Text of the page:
There are only three species of all black terns in our region.
The Black Tern
is smaller than the two species of noddy terns, and they have white
underwings. Non-breeding Black Terns are not entirely black. Of the two
noddy terns, the Black Noddy is smaller (14-15 inches; 35-39 cm, total
length) than the Brown Noddy (16-18 inches; 40-45 cm total length). As
it's name implies this species is darker. It also has a smaller but
longer bill. That said, the two Atlantic noddies would be very
difficult to identify in flight at sea or even when both species are
not available for direct comparison. Note the Brown Noddy in the foreground of the picture above.
Sexes alike. No seasonal variation. Extensive white cap (more
so than in
Brown Noddy or immature Black Noddy). Live to be 25 years or more.
distinct from that of Brown Noddy.
adult except less white on crown, whitish forehead and crown sharply
demarcated from black nape. Upper wing coverts and secondaries tipped
with buff giving the back a scaled appearance.
of three species of noddy terns (Anous):
two of these occur in the
tropical Atlantic. The Lesser Noddy of the Pacific and Indian Oceans is
sometimes considered conspecific with the Black Noddy. The subspecies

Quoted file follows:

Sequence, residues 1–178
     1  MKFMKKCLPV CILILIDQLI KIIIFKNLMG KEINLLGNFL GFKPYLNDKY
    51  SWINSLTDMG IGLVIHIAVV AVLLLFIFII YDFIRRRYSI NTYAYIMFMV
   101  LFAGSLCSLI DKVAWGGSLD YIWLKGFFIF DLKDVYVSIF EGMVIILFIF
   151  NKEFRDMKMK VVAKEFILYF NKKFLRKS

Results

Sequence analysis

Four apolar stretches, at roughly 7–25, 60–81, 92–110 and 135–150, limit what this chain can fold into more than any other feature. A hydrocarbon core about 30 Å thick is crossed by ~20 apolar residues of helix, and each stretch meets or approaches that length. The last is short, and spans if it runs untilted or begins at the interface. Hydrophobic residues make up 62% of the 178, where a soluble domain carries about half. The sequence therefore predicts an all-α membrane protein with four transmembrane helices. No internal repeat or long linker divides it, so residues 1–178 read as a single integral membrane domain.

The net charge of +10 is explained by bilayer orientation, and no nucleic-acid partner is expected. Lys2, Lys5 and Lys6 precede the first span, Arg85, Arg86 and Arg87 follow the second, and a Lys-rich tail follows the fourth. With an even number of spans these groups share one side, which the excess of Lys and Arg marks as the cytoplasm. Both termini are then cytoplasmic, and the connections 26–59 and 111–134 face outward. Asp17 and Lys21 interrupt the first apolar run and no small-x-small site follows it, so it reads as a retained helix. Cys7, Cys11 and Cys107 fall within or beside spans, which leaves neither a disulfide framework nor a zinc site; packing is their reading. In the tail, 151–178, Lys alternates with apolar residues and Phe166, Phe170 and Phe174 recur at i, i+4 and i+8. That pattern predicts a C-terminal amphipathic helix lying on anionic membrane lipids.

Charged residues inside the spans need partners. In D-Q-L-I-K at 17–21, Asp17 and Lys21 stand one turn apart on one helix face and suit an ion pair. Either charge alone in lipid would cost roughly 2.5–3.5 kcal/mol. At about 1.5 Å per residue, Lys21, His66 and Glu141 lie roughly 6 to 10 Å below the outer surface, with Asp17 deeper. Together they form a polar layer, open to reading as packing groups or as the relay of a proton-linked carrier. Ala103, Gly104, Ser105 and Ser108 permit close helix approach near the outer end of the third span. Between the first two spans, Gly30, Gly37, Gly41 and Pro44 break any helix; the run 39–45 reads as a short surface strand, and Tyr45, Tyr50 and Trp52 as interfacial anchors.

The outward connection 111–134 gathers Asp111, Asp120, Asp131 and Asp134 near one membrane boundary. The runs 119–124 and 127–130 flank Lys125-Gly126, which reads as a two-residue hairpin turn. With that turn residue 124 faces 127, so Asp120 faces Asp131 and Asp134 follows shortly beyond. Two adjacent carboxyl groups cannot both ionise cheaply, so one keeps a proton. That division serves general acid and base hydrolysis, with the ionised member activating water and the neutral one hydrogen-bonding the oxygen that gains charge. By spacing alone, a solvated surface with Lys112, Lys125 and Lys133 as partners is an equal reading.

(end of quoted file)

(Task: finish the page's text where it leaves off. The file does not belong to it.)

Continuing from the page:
of Black Noddy occurring in Caribbean basin is endemic. There are seven
subspecies of Black Noddy, two of which occurs in the Atlantic, with A. n. americanus
restricted to the Caribbean while A.
n. atlanticus breeds on oceanic islands in the south
birds roost at their breeding sites throughout the year.
Atlantic and Pacific Oceans. For the most part restricted in our region
to the Caribbean Sea, and rarely in the Gulf of Mexico, possibly in
Gulf Stream. Most birds remain at or near breeding islands throughout
the entire year.
sedentary remaining at nesting islands throughout year. Rest on flotsam
and ships at sea. Birds also roost on the water, sometimes in rafts.
They feed in
lagoons and inshore (< 10 km from land) over schooling,
predatory fish. Prey include small fish, crustaceans and squid. Birds
dip and plunge at the surface and do not dive. They are diurnal and
land to roost at night.
only in bushes and small trees. Typically found nesting with Brown
Noddys. Nests are made of twigs, leafy vegetation grasses or seaweed.
Females lay a single egg, pale buff in color. Incubation period is long
for the size of
the egg: 33-34 days. Fledge in 40-50 days. Parents feed young for
months after fledging.
the Brown Noddy is one of the most abundant species in the region, the
Black Noddy appears to be the rarest. Formerly nested off Belize where
over 1,000 pairs were reported. In Florida, one or two pairs occur
regularly and may nest on Dry Tortugas. In Anguilla (Sombero)
pairs; Puerto Rico, Culebra, Noroeste Cay, “a few;” Aruba “a few.”
Islands off Venezuela, probably hundreds or pairs. Total North Atlantic
population probably between 100 and 300 pairs. South Atlantic (A. m. atlanticus)
population small but secure.
Aves (Venezuela Coast)
this species also occurs in the Pacific and south Atlantic it is
extremely rare in the North Atlantic. The only major known colony was
off Belize. It was first discovered in 1862 and supported over 1000